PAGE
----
Spike Drink Gang (1995)

Written & directed by: Bosco Lam
Producer: Lee Siu-Kei
Starring: Yvonne Yung, Lo Meng, Elvis Tsui, Chan Kwok-Bong & Lee Siu-Kei


Mrs Tsui (Yvonne Yung) buys a soft drink at a convenience store but feels drowsy afterwards to the point of fainting. Two men take care of her but are in fact after her bank account information. She wakes up in a different area and reports the robbery and possible rape to the police. This doesn't sit well with her butcher husband (Elvis Tsui) who's literally going crazy trying to deal with his virgin wife having possibly had something taken away from her. The police (headed by Lee Siu-Kei and Chan Kwok-Bong) goes to work trying to track down the spike drink gang, headed by Hung (Lo Meng), girlfriend and perverts...

Arguably Bosco Lam was on an incredible creative run by the time Spike Drink Gang came about. Debuting with 1994's A Chinese Torture Chamber Story, a wonderful concoction of nastiness, craziness and unexpected heart the outrageous Category III way (it really should be more famous/infamous than just for the flying kung fu sex scene with Elvis Tsui and Julie Lee). A definite talent under definite producing talent in the form of Wong Jing. Providing nastiness and doing a wonderful parody of Dr.Lamb in The Underground Banker the same year, 1995's Dream Lover (1*) is as busy of a flick and bursting with unexpected creativity of the supernatural kind despite being a Tony Leung Ka-Fai/Wu Chien-Lien romance in actuality. There is something about this era of the 90s when you decide to give the Category III rating some thought and the usual template below the III a spin or five and Lam is a shining example of how that could be done. Oddly enough with Spike Drink Gang, Lam and working under Wong Jing's production company produces an oddly flat product. Was the soft drinks spiked with ether TOO soft of a plot for the filmmaker to get something nasty out of? Apparently as Wilson Yip (Ip Man) didn't get much nasty juice out of his VERY similar Daze Raper later the same year.

It's not an unusually wild and schizophrenic Hong Kong cinema product but the pieces do not gel very well despite, starting with a very loud but ultimately supposed to be funny and light piece as represented by Yvonne Yung and Elvis Tsui. She appears rather ditsy, talks to herself, acts in general very unnatural before the plot kicks in and Elvis acts up a storm in front of the gossiping customers before he really launches into the darkly comedic I dare say Wong Jing side to the film. Tsui is a character that feels for his pig meat and equals his wife's possible rape to the toilet now being dirty and while an odd fit for Bosco Lam's structure, it is the stretches of celluloid working the best because of the massive amounts actor Tsui puts into his act. Even going so far as to kidnapping a possible member out of the gang that has funny face- and chest hair, of course someone like Wong Jing wouldn't let this go unexplored. It borderlines the darkly comedic in a compelling way but being less than the primary focus that is actually the most compelling part of Spike Drink Gang, obviously something is very wrong here.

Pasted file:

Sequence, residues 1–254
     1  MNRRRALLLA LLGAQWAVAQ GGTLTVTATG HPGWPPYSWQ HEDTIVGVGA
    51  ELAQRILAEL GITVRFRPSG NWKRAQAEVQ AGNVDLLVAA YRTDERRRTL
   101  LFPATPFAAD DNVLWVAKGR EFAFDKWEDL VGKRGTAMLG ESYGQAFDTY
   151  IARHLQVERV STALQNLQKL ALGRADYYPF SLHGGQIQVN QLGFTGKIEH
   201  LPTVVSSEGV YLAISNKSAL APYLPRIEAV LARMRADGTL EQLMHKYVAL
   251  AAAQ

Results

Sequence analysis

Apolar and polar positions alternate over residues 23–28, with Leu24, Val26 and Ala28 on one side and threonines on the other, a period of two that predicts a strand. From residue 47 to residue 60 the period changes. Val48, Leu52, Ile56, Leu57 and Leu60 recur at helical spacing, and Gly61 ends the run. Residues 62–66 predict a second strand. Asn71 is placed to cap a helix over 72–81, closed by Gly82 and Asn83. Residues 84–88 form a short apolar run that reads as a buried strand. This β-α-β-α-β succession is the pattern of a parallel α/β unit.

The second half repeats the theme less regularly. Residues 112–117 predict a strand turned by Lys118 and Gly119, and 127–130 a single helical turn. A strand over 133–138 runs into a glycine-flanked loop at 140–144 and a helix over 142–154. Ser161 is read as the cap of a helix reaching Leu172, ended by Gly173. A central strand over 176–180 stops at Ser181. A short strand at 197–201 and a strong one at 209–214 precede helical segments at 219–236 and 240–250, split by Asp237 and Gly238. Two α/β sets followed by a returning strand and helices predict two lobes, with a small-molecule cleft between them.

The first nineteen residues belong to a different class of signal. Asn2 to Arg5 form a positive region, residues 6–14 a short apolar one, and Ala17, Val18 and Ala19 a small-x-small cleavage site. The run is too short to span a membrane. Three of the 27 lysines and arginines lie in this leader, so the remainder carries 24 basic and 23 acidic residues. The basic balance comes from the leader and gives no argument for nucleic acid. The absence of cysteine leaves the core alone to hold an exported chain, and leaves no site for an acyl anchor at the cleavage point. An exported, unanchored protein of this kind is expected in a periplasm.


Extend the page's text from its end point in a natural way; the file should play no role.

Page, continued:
Rest of Bosco's MAIN work is very pedestrian and doesn't really push the III rating as hard as you'd imagine. Sure there IS nudity, giddy henchmen/rapists shot in glorious close up, rape, drug use, huge audio bleeps on the soundtrack, Danny Lee style torture by the cops but the glimpses of all of this means there's no shameless push where it absolutely should've been Some form of exertion by the crew on previously mentioned products?

Being pulled in many directions proved to be Bosco Lam's forté in the likes of A Chinese Torture Chamber Story but with Spike Drink Gang, there's no gas left in the tank before it starts even. The minor edge available is equal to subtle for the genre and the thriving Category III rating of the time and even if added upon hugely, the film would've been nothing but a shameless, occasionally black product. But boy, that would REALLY be something. That was forgotten or simply not available in Bosco nor Wong Jing here.

The DVD (Universe):

Video: 1.79:1 non-anamorphic widescreen.

Audio: Cantonese Dolby Digital 2.0 and Mandarin Dolby Digital 2.0.

Subtitles: English, Bahasa (Malaysia), traditional Chinese and simplified Chinese.

Extras: Trailers for Till Death Do Us Laugh and The Imp (1996)


reviewed by Kenneth Brorsson


(1) Dream Lover was produced by Sharla Cheung Man and she also co-starred in Romantic Dream the same year. Not a shot for shot echo of said flick but it IS the same film with different leads which all seems to be a Hong Kong cinema experiment more than anything else. Dream Lover won the battle of the films though in my opinion but it helps to experience the unexpected nature to it FIRST.